Phonology Matters in a Frosted Flakes Joke

September 27, 2014 § Leave a comment

On Reddit a while back I saw a (re)post of a picture of an off-brand box of Frosted Flakes, complete with off-brand Antonio the Tiger, with the title “Theyyyyyyy’re acceptable!”. Several years before this when I was in college, one of the writers on the humor magazine made the same joke about rejected cereal slogans, except his version was “Theyyyyyyy’re adequate!”

Let me break down why my colleague’s version is better. It all comes down to phonemes. If you get the sound of your words wrong — if you use the wrong rhythm, emphasis, timing, or timbre — then naturally you kill the humor.

See, “acceptable” has its emphasis on the second syllable, so the crescendo coming off of “Theyyyyyyy’re” dies quickly on “acc”, but then strangely picks up again on “cept”. That weird up-and-down, that hiccup, totally kills the flow and momentum of the slogan. That’s why the original slogan uses the one-syllable punch of “great” to punctuate the crescendo of “Theyyyyyyy’re”. (Though they drag it out a little bit for “grrr”.) By contrast, “adequate” has its emphasis on the first syllable then quickly dies off with two syllables that make it feel like you’re trailing off. The word has an anti-climactic tumbling sound, like it trips over itself and falls off a cliff. “Acceptable” is too much rhythmic work, poorly distributed, and so it kills the joke.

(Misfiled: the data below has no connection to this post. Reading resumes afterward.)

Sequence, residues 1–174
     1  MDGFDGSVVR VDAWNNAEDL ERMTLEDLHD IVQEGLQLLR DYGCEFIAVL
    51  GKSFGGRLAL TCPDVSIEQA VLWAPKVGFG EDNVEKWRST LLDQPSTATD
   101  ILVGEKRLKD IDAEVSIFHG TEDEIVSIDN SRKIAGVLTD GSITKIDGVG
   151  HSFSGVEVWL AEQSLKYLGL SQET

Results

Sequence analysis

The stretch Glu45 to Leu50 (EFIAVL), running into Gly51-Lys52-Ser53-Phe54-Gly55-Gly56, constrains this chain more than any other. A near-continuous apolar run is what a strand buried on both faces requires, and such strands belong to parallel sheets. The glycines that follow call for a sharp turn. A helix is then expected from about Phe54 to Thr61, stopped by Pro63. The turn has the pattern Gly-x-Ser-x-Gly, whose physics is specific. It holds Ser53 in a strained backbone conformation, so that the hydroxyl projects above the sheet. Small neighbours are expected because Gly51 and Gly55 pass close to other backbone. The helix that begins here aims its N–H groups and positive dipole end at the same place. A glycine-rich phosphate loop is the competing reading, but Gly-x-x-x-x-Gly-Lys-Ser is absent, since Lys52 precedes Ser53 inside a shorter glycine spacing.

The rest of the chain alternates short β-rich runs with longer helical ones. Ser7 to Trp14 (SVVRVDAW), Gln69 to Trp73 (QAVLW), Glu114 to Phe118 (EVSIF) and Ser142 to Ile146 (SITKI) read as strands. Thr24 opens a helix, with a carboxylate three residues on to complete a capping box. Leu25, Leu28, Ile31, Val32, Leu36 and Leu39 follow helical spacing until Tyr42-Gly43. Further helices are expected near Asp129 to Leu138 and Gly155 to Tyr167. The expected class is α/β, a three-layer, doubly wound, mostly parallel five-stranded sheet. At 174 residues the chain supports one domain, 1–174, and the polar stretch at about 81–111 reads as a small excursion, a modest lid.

“Acceptable” also has the wrong vowel and consonant sounds. Again, the emphasis is on the second syllable, but “cept” starts with a hissing sound, which is a total mismatch for its rhythmic peak. When you say “Theyyyyyyy’re acceptable!” you have to clamber a little through a noisy by-product to hit that emphasis on “cept”. Whereas “adequate” starts with a nice open “a” and closes up quickly with “d”. It works as anti-climax that the word buttons up so quickly.

My point must be obvious. Details matter, and sound matters, and when people talk about the relationship between sound and sense, they aren’t kidding. Hodgepodge that it is, language is still a tactile and musical medium.

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